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Discovering my ancestor had slaves has given me new perspectives on the past and present

3-4 minute read

By The Findmypast team

8 February 2021
Did my ancestor have slaves?

Findmypast's Ben Bennett took an eye-opening but necessary journey of discovery to explore the impact of his enslaving ancestors. This is his story.

Please note that the terms used in historical records reflect attitudes and language at the time and may now be considered derogatory or offensive.

My third great grandfather on my mother’s side was Jordan Flake, born May 15, 1764, in Lilesville, North Carolina. He was a "planter" by trade and it was reported that by the age of 40, he had accumulated a considerable landed estate. Jordan had seven children, the first of which was James Madison Flake, born in 1815. James Madison was my second great-grandfather born in Lilesville in 1815. He died in Fresno, California in 1850.

In 1838, James married Agnes Haley Love in North Carolina.  It's reported that as a wedding present from Jordan, James and Agnes were given a slave. The slave was named Green Flake. He was ten years old at the time.  In 1843, James Madison joined the Church of Jesus Christ of Latter-Day Saints (also known as the Mormon Church).  Green Flake subsequently joined the church in 1844 at the age of 16. 

Green Flake, a slave from North Carolina.

A portrait of Green Flake.

The story of Green Flake is well-documented. We know that after his baptism, James Madison relocated to Nauvoo, Illinois to be closer to the main body of the church, and right before they departed, he freed all of his slaves. It is thought, however, that Green refused to leave the family. His labor was eventually accepted as the family’s tithing to the church. 

At the age of 20, he traveled in the first wagon into the Salt Lake Valley and built a home in Cottonwood, Utah. He was treated as both an inferior and an equal by various members of the Church, including Brigham Young.

Green Flake, freed slave in 1870 US Census.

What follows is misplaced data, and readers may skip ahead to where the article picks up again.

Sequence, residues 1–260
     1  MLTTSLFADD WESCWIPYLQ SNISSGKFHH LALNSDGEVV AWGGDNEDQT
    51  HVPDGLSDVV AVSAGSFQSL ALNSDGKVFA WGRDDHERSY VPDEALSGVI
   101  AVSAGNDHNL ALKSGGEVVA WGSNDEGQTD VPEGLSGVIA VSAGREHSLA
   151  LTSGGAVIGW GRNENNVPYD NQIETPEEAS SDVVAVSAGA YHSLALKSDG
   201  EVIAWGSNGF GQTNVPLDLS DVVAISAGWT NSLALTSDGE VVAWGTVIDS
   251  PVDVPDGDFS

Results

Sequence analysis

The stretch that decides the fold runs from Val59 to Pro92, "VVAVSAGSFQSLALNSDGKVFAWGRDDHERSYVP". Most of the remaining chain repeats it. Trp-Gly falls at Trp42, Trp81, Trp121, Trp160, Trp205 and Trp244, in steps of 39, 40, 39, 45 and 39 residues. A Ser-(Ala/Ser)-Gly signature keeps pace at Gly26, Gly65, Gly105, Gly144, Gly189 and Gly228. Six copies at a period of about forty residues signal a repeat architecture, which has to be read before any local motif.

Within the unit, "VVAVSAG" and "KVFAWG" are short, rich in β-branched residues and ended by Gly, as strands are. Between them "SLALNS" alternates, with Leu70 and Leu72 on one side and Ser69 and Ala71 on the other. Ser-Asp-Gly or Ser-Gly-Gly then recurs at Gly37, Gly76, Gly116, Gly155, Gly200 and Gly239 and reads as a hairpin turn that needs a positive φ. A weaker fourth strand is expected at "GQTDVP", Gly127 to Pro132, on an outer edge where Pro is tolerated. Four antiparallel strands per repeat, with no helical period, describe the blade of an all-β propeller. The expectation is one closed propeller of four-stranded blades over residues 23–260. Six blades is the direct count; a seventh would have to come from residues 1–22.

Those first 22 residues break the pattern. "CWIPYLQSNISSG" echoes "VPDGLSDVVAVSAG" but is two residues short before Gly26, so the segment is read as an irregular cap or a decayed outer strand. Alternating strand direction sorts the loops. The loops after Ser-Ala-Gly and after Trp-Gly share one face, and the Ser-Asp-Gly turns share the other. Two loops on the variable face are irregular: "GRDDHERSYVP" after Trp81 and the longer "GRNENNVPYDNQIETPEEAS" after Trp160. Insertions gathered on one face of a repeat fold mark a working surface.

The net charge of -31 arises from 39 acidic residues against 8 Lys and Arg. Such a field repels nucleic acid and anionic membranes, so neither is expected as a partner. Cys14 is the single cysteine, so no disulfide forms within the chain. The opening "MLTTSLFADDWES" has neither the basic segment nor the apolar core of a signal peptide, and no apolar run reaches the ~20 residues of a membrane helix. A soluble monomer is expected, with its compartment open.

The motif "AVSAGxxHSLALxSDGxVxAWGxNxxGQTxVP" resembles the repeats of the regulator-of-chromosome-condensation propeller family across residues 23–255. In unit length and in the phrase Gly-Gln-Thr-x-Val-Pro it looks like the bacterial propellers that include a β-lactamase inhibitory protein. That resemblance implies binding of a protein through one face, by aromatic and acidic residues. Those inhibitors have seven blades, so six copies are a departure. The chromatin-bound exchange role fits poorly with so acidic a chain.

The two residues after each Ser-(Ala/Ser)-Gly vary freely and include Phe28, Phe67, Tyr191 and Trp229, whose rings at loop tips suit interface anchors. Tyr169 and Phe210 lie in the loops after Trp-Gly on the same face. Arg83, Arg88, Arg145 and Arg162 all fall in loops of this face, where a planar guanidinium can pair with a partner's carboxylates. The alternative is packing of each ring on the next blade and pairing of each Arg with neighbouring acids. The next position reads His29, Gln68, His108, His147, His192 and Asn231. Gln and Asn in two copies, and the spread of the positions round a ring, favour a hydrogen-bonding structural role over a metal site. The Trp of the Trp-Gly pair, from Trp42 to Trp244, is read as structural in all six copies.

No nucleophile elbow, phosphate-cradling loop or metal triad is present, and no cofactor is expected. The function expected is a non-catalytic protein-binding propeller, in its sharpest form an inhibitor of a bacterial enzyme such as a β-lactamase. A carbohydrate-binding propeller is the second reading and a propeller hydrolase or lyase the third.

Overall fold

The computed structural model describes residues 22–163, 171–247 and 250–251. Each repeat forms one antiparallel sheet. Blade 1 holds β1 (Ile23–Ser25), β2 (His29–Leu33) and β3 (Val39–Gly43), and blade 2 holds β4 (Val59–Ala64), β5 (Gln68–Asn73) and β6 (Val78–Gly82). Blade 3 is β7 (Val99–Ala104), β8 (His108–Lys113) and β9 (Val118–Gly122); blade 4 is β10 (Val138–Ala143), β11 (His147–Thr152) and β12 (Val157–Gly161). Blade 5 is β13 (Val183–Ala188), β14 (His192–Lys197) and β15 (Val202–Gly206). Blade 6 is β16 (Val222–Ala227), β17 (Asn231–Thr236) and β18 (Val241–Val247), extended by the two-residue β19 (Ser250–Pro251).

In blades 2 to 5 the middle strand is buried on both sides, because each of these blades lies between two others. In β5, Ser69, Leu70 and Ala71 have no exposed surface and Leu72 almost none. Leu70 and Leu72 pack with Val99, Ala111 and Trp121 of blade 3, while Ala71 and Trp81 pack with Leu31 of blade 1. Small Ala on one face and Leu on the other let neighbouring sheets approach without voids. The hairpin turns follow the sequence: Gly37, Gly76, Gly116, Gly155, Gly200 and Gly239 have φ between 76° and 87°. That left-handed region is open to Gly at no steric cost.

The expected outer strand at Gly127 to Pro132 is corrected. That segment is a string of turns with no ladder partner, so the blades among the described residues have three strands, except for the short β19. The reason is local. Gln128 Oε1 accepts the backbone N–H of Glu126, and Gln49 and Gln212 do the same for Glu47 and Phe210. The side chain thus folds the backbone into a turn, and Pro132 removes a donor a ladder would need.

Green Flake and his family listed in the 1870 US Census. View the full record.

Family lore recounts that Green Flake carved his own tombstone which still stands prominently today in the (Fort) Union Pioneer Cemetery approximately 15 miles south of Salt Lake City. 

Green Flake's tombstone, Union Pioneer Cemetery, Salt Lake County, Utah.

Green Flake’s headstone in the Union Pioneer Cemetery, Salt Lake County, Utah.

I’ve taken my children to this cemetery and told them the story of Green Flake. They looked at me like I was speaking a different language. The idea that someone would ‘own’ another person was a completely foreign concept to them.  It gave me an opportunity to explain a painful part of our country’s history, and in this case, a painful part of our family history. 

I told them this story as we sat in the Union Pioneer Cemetery in south Salt Lake County standing in front of Green Flake’s headstone.  As a family, we’ve learned more about Green Flake and his life and we admire him and his many accomplishments.

When talking about how some of our relatives owned slaves, my 15-year-old son said;


“that’s so messed up.” 


It was and it still is. But it’s not a story we’ve tried to ignore.  I can’t say we’ve totally embraced it but we’ve tried to use it as an opportunity to learn important lessons from the past and apply them to the present, where we still see people who suffer because of their race, ethnicity, sexual orientation, socioeconomic status or other points of difference.

The lasting impact of this part of my family history has made an undeniable impression on both myself and my children, an impact I hope they carry with them for the rest of their lives. But it also creates questions around the variation in which religious bodies addressed (or ignored) the truth of slavery across the United States.

Slavery and religion

Another example of this can be found in the Catholic Church's sacramental registers. The Archdiocese of Baltimore has published their historic registers as part of the Catholic Heritage Archive, and within the pages, you'll find a number of instances where individuals were labelled, “negro,” “free black,” or “owned by...”. While it was a common practice to have the enslaved join the Catholic church and participate in sacraments, they were still, in the end, regarded as property.

Slaves in Catholic records

Charlotte was baptised in 1784. A note on her register reads 'A negro of Mr. Walsh'.

In recent years, we've seen more and more research conducted on the topic of religion and slavery. This statement from Albert J. Raboteau's Slave Religion: The “Invisible Solution” in the Antebellum South remains at the heart of the discussion;


“From the very beginning of the Atlantic slave trade, conversion of the slaves to Christianity was viewed by the emerging nations of Western Christendom as a justification for enslavement of Africans.”


Across the Caribbean and North America, religious entities like the Church of England and the Catholic dioceses hold these people in their parish registers, congregational records, and minute books. Guides like the Archdiocese of Maryland's Researching Your Black Catholic Roots will help you dig deeper into your family connections.

Still, there are thousands of stories yet to be uncovered. Will you help us discover and tell one?